A group of six artists have collaborated to create a unique site-specific exhibition and performance piece on the island of Vardø at the extreme north-eastern part of Norway. Taking place in such a secluded location, only a few knew about the project and made a pilgrimage North from Oslo to experience the work on Vardø – also the site of Norway’s most sever witch trials that saw 91 individuals executed in trials spanning 92 years.
A memorial stands on the island commemorating those who were executed, which was created by Louise Bourgeois and Peter Zumthor. Three years on from the memorial’s opening, the group of six artists have contributed a series of artworks giving new meaning to the island and its history.
The performance started with a reading by Daniel Lynau who recited the trial of Nils Rastesen accused of witchcraft in 1638. He presented each member of the group with two pebbles small enough to hold together in one hand, which were cracked against one another with the rhythm of each person’s strides. A multi-sensory experience of seeing, hearing and touching was encouraged through an interactive appreciation of the natural land. Through the use of the pebbles, the group was also connected with the trial of Rastesen, who was accused of being able to make stones talk using Sami magic and was convicted and later executed.
The next part of the tour took the audience from the coast line in-land under the instruction of Eirik Slyngstad who asked each individual to find their own route to the site and to notice every person they passed. For some, this simple action was full and an abundance of faces were caught in their vision, but for others the tiny island has so few people there was a void of any other person to rest their gaze upon.
Arriving at the site a small green figure was sat gently on the edge of an abandoned reel looking silently down the tunnel that connects the island to the main-land – the point of contact to the rest of the world. The romantic idea of a border between two places, a transition between two states, is eased onto the spectator as softly sung words begin to be carried to the onlookers through the wind.
The silence of the tour continued as artist Helena Lund Ek led the audience one behind another, across the hill side following a driven mark created on the land by her implement that directed the group to a patch of earth overlooking the sea. Here her sculptural painting settles into the landscape, blowing with the wind. A tall rusting metal frame supported simple fabric and was marked by a cross, an x-marks-the-spot reference.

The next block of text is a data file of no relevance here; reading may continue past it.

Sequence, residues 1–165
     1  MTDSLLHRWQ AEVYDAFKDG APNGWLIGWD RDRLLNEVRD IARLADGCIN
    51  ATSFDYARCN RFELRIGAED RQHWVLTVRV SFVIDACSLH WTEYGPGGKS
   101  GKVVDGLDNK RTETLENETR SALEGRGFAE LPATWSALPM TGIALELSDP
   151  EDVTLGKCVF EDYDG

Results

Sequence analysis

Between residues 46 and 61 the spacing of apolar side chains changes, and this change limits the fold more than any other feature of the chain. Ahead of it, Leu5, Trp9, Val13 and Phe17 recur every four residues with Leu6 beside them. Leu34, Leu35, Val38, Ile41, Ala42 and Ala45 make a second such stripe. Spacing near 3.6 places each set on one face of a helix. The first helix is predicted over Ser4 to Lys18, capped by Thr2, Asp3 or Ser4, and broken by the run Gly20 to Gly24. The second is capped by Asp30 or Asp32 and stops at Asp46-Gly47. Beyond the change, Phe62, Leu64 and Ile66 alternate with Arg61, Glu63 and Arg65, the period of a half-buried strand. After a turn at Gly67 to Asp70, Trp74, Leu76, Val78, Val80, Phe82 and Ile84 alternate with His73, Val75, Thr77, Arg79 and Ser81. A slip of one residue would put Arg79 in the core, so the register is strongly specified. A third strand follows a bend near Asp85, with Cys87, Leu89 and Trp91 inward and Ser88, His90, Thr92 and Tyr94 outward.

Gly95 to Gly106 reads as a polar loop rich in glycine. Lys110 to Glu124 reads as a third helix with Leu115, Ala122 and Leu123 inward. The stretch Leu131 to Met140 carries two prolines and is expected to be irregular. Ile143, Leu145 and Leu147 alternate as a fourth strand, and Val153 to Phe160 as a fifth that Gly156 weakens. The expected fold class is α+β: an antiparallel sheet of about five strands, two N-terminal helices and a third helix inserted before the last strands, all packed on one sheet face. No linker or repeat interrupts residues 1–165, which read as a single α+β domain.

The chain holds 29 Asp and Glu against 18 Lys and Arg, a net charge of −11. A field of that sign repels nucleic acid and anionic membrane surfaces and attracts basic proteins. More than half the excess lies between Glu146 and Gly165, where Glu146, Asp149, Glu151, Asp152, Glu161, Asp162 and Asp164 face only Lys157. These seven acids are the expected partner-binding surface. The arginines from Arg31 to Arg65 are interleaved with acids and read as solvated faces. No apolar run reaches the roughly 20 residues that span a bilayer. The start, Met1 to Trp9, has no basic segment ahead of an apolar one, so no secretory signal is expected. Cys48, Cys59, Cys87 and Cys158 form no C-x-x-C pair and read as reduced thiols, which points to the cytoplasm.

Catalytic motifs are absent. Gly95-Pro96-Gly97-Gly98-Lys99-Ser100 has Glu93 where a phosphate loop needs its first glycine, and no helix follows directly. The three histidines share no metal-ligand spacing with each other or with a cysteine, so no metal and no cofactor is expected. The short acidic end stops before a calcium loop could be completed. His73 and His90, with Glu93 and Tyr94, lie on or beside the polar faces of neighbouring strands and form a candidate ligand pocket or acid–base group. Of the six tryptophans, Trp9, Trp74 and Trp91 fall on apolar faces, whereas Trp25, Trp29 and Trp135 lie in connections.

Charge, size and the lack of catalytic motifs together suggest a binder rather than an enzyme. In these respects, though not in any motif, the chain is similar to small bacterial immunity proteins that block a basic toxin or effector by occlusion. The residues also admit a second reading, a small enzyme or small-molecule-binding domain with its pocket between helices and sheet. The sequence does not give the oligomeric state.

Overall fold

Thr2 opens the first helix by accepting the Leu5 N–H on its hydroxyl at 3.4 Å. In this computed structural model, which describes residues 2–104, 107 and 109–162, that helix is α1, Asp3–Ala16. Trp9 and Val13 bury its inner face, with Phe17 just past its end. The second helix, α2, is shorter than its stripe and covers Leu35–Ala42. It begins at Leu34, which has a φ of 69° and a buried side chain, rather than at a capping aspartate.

Loaded with symbolism, this gesture connects the present with the past; the place to its history. The white on white of paint on fabric created a silhouette by blocking the transition of light through the textile, imitating the natural elements surrounding the object which had become at home in the barren landscape. Lund Ek’s work often comments on male history and its impact: here her work only a distance from that of Louise Bourgeois stands tall within the history, both dominating a view point.
Istvan Virag led the group towards stakes in the sea five metres high. Within hours its height would be reduced to three or four metres beneath sea-level, slowly disappearing from the landscape, evoking the ephemeral aspect of land art. Virag, inspired by the intensity of the weather and the many trials that reflected it’s power has made an ever-changing piece to watch as the weather takes control.
As the small group make their return journey to Vardø Museum conversations flutter and sink as memories of the day over take their thoughts and linger in the air, their intentions left to stand within the landscape as long as the terrain will permit. Participating artists included: Daniel Lynau, Eirik Slyngstad, Helena Lund Ek, Istvan Virag, Silje Johannessen, Amelia Beavis-Harrison.
Fire From the North, presented by Amelia Beavis-Harrison and Kunstakademiet i Oslo supported by Vardø Museum. The exhibition and performance took place on 16 May and a symposium was held on 24 May at Kunstakademiet i Oslo. For more information visit www.ameliabeavisharrison.com.
1. Amelia Beavis-Harrison, Photo credit: Eirik Slyngstad.
Follow us on Twitter @AestheticaMag for the latest news in contemporary art and culture.
Posted on 11 July 2014